Troops Were Young Too
February 20, 2016
Exposing youth to violence causes PTSD but exposing youth to war seems to be harder to understand? That is exactly what is going on and has been for years.
Take a good look at the face of this soldier in Vietnam. Not hard to tell he was very young. James Callahan, combat medic. You can read about his actions on that day online and you can see a picture of him taken many years later.
Medic James E. Callahan of Pittsfield, Mass., looks up while applying mouth-to-mouth resuscitation to a seriously wounded buddy north of Saigon, June 17, 1967. Communist guerrillas had raked a U.S. battalion with machine gun fire in a jungle clearing.
(AP Photo/Henri Huet)
My brother was working with inner city youths struggling with PTSD in the 90's. I was living with my husband who had PTSD from being in Vietnam in his youth. He turned 19 there. While my brother had great empathy for the teenagers he encountered, he had none for my husband. Needless to say, after a blowout argument, I was done trying to get him to understand.
The next day in work, he talked to his boss about what I said. She said "Your poor sister must be going through hell." But he didn't tell me that. He told our mother.
Why couldn't he understand that we take young men and women, send them into war before their emotional core is fully developed and that changes them? How can some understand PTSD in the civilian world so much easier than they can understand what combat does?
The difference is, when it happens to civilians, we can put ourselves in their place knowing that what happened to them could very well happen to us. When it happens to members of the military, we have a harder time connecting their experiences to our own lives.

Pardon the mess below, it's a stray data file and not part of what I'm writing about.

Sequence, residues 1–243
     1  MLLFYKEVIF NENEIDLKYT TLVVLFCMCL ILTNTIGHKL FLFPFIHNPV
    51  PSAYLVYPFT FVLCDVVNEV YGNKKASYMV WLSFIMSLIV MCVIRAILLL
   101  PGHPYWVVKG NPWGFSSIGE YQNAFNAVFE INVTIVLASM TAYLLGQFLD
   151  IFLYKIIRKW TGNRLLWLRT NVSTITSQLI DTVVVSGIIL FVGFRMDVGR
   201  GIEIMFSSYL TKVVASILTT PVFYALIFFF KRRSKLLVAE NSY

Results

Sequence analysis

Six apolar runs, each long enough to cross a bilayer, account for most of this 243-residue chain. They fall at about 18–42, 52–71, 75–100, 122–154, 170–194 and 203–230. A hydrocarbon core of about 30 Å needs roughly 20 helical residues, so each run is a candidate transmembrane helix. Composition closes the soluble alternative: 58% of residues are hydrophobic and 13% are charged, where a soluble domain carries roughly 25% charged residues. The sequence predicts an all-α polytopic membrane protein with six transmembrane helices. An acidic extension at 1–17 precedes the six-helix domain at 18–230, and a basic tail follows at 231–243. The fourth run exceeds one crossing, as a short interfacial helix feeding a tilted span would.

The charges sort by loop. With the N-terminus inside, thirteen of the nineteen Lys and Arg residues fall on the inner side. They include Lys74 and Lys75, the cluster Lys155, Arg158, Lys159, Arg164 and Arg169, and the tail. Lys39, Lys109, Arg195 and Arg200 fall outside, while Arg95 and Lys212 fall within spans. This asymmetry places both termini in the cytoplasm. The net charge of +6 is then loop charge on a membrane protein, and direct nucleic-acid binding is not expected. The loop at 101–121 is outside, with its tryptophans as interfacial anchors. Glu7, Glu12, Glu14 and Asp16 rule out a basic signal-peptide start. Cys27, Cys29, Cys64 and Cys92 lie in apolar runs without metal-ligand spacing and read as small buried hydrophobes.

Many years ago I heard a psychologist ago explain that we also expect them to be prepared for whatever they face, not just expecting the worst but being trained to just deal with it. That is a thought that has not faded with time and knowledge gained by 40 years of some researchers doing their best to understand PTSD while even more do their best to simply make money.
There is a report on PTSD and violence in Oakland. PTSD in Oakland: Gun Violence Victims, Families Suffer Continuous Post-Traumatic Stress Disorder If you want to understand PTSD more, it is a good way to introduce yourself to it. Especially when you factor in that the only reason we can understand what happens in the civilian world, is because veterans came home and fought for all the research to be done on trauma. Keep in mind that while it all began with them, they are the last to be helped now.
Much like my brother, folks seem to think that older veterans have had plenty of time to get over it and don't need our help. Just as my brother couldn't see the truth, it is easier to dismiss their suffering especially when they are the majority of veterans in this country along with the majority of the suicides.
So why do researchers seem only interested in combat PTSD while clearly civilians are struck by in as well? Simple, the government has plenty of money to fund them. If they actually reached the point where they understood how to treat and prevent PTSD in civilians, they may get closer to treating it in combat forces and veterans along with police officers and firefighters. That is the most telling thing of all that keeps getting missed.
How can they expect us to have faith in what they do for those exposed to traumatic events trying to save others when they can't even understand others getting PTSD living in the wrong place at the wrong time?